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The first permanent settlement in North Carolina, Edenton is the ''mothertown'' of the State.
Edenton at once became the focal point of civilization in the
Province, the capital of the Colony and the home of the Royal Governors.
Originally incorporated in 1715 as ''The Towne on Queen Anne's Creek,'' and later as ''Ye Towne on Mattercommack Creek'' and, still later as ''The Port of Roanoke,'' the spot was named Edenton in 1722 in honor of Governor Charles Eden.
Edenton was established in 1728 as the colonial capital of North Carolina, and it soon became the cultural and economic capital as well. Hundreds of ships made the town a regular port of call, offloading food, goods, and slaves and shipping the prolific agricultural products of the region to European ports. The result was a thriving plantation economy that brought life to northeastern North Carolina.
Edenton NC - Maps
11. EDWARD OUTLAW, (10) born about 1685, Norfolk County, Va. Married Anne, daughter of George and Hannah Ivey of Norfolk County. Edward, Second, Gentleman, of Albemarle County (Now Chowan, Bertie and others), Carolina, is shown in the records as juror at Court on Queen Ann's Creek in Chowan precinct in 1721 and 1722 and owned lands on Warrick Swamp, Catherine Creek and elsewhere. The land in Virginia left to him by his father's Will, was deeded by him to his brother-in-law Robert King and wife Elizabeth "where the said Outlaw's father formerly dwelt, which said land is part of 240 acres that Edward Outlaw, Sr., deceased, left to his sons." Anne Outlaw, wife of Edward, signed the deed. She was Anne (Ivey) Outlaw, daughter of George and Hannah Ivey, also of Norfolk County.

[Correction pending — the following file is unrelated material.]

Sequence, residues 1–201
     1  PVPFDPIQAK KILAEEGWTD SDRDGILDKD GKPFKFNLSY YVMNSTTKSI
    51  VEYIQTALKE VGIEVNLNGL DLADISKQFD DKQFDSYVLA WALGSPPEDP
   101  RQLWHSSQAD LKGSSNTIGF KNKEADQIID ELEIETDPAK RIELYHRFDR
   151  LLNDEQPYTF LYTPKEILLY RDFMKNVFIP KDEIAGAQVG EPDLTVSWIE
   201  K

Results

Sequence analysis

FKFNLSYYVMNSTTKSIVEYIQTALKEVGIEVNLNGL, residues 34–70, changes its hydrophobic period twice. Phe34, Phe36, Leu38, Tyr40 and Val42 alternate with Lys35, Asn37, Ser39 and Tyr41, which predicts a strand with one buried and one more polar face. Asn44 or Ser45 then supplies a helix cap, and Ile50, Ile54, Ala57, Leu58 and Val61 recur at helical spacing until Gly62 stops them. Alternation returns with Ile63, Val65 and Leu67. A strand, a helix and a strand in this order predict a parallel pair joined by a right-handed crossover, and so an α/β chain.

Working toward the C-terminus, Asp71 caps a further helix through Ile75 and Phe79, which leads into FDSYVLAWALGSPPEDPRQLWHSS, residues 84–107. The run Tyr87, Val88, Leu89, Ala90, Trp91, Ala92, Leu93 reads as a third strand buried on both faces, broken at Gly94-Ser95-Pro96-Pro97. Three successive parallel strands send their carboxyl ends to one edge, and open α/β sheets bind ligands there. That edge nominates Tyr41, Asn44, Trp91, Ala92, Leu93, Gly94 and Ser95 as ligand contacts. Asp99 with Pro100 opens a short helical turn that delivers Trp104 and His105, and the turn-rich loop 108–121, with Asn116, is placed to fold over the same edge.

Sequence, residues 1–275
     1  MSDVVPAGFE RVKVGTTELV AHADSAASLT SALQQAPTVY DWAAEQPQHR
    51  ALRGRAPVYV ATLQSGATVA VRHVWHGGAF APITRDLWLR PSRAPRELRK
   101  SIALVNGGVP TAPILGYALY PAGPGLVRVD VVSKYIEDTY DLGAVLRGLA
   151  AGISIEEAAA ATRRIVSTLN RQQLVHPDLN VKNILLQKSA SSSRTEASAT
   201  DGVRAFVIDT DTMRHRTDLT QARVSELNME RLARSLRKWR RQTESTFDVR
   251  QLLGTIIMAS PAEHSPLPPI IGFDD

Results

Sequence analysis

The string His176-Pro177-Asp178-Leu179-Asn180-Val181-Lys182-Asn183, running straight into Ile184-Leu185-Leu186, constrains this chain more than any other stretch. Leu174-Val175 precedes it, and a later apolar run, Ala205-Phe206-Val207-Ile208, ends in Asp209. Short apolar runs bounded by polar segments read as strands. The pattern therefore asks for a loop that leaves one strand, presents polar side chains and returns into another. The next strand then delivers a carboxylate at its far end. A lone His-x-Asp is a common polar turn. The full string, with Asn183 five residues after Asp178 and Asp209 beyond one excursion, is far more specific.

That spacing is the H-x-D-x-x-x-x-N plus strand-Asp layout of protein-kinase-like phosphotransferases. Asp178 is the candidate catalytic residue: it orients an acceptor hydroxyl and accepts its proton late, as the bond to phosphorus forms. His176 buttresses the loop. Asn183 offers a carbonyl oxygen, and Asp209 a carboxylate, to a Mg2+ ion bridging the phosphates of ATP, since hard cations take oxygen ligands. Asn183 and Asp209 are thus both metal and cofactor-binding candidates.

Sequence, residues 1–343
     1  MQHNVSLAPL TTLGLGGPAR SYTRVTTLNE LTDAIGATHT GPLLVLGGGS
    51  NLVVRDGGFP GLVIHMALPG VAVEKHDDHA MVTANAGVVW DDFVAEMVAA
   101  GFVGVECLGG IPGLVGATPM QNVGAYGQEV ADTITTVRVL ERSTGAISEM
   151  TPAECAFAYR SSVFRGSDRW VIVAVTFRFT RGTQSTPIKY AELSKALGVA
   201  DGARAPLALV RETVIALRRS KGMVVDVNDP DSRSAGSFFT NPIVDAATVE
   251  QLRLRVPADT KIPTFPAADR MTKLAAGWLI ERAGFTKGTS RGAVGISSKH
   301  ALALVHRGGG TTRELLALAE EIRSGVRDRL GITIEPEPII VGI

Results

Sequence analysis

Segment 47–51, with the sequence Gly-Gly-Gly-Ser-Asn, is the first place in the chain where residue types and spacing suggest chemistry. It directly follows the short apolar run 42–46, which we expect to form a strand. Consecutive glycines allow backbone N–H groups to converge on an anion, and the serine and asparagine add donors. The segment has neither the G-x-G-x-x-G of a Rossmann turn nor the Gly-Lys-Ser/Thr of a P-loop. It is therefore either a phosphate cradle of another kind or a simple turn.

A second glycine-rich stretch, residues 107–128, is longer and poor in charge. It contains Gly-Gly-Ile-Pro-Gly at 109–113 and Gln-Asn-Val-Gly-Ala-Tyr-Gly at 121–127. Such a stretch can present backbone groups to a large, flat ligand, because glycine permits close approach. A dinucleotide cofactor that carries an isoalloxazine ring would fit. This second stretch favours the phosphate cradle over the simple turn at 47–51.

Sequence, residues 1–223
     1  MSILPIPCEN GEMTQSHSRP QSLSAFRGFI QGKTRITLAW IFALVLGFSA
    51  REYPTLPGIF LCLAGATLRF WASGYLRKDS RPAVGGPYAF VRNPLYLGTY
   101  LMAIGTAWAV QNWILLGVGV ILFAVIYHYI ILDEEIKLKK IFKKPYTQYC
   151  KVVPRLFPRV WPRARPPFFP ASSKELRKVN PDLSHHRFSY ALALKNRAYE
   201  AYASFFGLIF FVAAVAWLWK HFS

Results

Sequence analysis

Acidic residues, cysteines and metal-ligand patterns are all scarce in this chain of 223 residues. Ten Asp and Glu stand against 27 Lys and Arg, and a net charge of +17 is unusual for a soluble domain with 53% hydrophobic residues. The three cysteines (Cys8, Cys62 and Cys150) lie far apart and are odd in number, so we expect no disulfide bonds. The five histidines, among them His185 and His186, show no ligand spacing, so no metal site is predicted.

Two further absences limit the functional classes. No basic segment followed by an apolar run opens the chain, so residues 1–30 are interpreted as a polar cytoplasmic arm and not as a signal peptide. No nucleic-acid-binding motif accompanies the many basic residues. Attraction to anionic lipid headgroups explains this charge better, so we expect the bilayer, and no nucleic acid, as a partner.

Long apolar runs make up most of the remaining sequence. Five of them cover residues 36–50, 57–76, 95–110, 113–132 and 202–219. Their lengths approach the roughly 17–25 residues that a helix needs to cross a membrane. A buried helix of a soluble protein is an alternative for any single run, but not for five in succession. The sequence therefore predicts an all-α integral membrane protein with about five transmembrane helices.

When the Earl of Granville consented, with the other Lords Proprietors in
1729, to surrender to the Crown the sovereignty of the Province of North
Carolina, he reserved to himself all the rights of ownership to one-eighth
part of the Province. The area of Edgecombe at this time included all of the
Granville district. This fact resulted in many hardships on those residing in
his territory. Naturally, Granville would create more drastic measures and use
more compulsion in the collection of rents than had been done. Since it was his
main source of revenue, he decreed that all rents must be paid in gold or
silver, and refused commodities. Moreover, the rents were to be paid at
Outlaw's Landing on Chowan River, about 90 miles from the nearest boundary of
Edgecombe and 300 miles from the frontier. 1 This caused a hardship on the
people, who every year had to make the journey without wagon trails, through
forests infested with Indians and dangerous beasts. There were also other
difficulties, for there was very little species in the colony at this time, and
this law naturally kept the Province entirely drained of gold or silver.
Moreover, instead of having a resident among them to collect the rents,
1 The inhabitants were allowed 10 per cent of the amount paid for rents whenever they carried same to the regular place for collection—Edenton or Outlaw Landing.